Media members insist that Ja Morant’s problems are not solved


On Wednesday, Mar. 15, the NBA announced that Memphis Grizzlies star Ja Morant will be suspended for eight games without pay for “conduct detrimental to the league.” The 23-year-old has been away from his team for the past six games after an incident that followed an away game against the Denver Nuggets.

On an Instagram live video, the Grizzlies poster boy was holding a gun in what appeared to be a nightclub in Denver. The live video came days after police reports surfaced about Morant assaulting a mall security guard, jumping a teenager, and flashing a gun at him in his home in Memphis over the summer.

Morant released a statement the following day. “I’m sorry to my family, teammates, coaches, fans, partners, the city of Memphis, and the entire Grizzlies’ organization for letting you down,” the statement read. “I’m going to take some time away to get help and work on learning better methods of dealing with stress and my overall well-being.” Morant has since deactivated his Instagram and Twitter accounts.

On Mar. 13, Morant checked into a counseling program in Flordia. Two days later, Morant left the facility and was interviewed by Jalen Rose to address the situation. Morant had a calm demeanor and was apologetic in his approach. “Pretty much trying to be free,” Morant said when asked about his thought process while filming the live video. “I used that as an escape which I shouldn’t have,” Morant added. He alluded to this pursuit of freedom as the catalyst for his poor decision-making in the past but said these mistakes do not define who he is.

Morant said that the gun he held in the video was not his. He went on to say that he does not condone violence but takes full responsibility for his actions. “I’m in a space where I’m very comfortable,” Morant said. “I took those days to be able to learn how to pretty much be there for myself and learn different ways to manage stress in a positive way.”

The sincerity of Morant’s apology is not in question. However, media members unanimously agree that two days of counseling did not solve his problems.

“It would have been better if Ja Morant came out like ‘I still got a lot of issues, it’s a work in progress’,” ESPN’s Stephen A. Smith said on First Take. Smith added that people would give Morant more grace if he addressed how his problems did not go away in ten days. “Trying to give us the impression ‘problem solved’, is a different animal.”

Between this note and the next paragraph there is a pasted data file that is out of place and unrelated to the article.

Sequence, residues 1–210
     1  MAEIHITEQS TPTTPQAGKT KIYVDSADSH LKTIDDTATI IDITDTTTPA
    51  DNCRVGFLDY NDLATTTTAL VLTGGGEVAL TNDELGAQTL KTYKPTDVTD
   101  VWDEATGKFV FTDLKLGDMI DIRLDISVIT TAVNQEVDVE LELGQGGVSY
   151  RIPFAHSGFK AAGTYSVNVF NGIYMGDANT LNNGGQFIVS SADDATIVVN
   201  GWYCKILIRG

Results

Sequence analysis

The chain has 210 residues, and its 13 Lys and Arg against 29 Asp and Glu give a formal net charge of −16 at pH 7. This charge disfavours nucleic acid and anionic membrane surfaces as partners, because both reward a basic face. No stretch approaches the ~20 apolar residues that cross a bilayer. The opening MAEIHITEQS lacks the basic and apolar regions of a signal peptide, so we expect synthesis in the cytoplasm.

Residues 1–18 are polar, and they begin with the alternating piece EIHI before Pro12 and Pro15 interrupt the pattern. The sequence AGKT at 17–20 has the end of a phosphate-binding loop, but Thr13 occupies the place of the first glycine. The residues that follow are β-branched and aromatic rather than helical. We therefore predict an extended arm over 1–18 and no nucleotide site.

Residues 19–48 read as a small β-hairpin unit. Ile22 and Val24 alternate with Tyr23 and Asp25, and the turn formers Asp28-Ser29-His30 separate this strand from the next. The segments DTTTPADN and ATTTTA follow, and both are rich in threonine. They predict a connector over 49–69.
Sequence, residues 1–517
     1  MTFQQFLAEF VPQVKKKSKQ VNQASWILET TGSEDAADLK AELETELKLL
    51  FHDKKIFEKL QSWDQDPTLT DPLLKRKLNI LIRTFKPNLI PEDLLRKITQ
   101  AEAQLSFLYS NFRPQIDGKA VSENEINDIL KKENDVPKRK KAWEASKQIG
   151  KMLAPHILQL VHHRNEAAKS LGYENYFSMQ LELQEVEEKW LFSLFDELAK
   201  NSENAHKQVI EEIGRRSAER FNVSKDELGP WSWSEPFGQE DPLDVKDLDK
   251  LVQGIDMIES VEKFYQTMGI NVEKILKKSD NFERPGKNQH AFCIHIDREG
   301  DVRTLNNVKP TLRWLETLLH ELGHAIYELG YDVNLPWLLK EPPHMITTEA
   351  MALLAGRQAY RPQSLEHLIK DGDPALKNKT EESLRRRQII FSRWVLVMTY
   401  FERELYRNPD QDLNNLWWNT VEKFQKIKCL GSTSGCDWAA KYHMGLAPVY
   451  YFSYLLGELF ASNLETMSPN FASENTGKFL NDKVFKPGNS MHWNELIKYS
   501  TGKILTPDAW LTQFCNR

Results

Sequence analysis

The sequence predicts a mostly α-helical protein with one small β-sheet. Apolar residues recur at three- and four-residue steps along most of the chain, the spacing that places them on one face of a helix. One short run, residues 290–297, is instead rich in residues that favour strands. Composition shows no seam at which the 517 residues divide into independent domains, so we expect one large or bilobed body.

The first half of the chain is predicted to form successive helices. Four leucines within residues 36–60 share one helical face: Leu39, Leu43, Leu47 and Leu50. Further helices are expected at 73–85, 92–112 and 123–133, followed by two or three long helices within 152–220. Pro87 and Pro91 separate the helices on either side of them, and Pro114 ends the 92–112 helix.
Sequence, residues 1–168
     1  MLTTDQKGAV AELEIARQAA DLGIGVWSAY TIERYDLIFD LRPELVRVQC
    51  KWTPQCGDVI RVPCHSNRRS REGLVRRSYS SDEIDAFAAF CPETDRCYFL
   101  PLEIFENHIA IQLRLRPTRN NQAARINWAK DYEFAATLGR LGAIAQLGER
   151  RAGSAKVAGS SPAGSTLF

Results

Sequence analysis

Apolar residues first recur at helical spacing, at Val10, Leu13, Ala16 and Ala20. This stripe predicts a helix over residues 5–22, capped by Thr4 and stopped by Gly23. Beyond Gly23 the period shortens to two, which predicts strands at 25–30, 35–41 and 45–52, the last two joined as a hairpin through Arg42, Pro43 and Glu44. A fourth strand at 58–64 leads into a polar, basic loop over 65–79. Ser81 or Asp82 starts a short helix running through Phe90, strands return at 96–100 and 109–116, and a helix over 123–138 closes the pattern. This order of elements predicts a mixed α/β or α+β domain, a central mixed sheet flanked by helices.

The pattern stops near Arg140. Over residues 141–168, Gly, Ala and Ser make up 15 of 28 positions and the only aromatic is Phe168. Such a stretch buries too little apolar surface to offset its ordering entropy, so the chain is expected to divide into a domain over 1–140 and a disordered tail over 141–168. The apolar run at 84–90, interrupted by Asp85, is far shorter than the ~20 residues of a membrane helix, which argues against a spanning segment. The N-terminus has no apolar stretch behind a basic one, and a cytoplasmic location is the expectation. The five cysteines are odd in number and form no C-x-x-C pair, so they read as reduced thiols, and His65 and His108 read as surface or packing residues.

FS1’s Shannon Sharpe emphasized the degree of Morant’s mistake in the spirit of pretending to be something he is not. “He was willing to throw it all away for someone else,” Sharpe said about the gun in the video not belonging to Morant. “He wanted to portray that he was hood, that he was a thug, that ain’t you.”

Sharpe, who was involved in an altercation with the Grizzlies in February pointed out Morant’s frequent use of gun gestures during games. “The real people that do that, you never know they’re about that life,” Sharpe said. “I just don’t get why he was trying to impress somebody, you’re Ja. Does he not realize that being Ja Morant is impressive enough?”

“I assume that he did check in because they said he did,” Sharpe’s co-host Skip Bayless said. “And he lasted a few days? It doesn’t work that way.”

“I’m happy he went and got the psychiatric help he needed, and I hope ongoing, he continues. But that didn’t do it,” Bayless added.

Aside from being in good mental and physical shape when he returns, Sharpe and Bayless discussed how Morant also needed to fix his inner circle and how that was part of the problem.

Morant is eligible to return to the court on Mar. 20 against the Dallas Mavericks. The Grizzlies have gone 5-4 in his absence and have held down their third place in the Western Conference.

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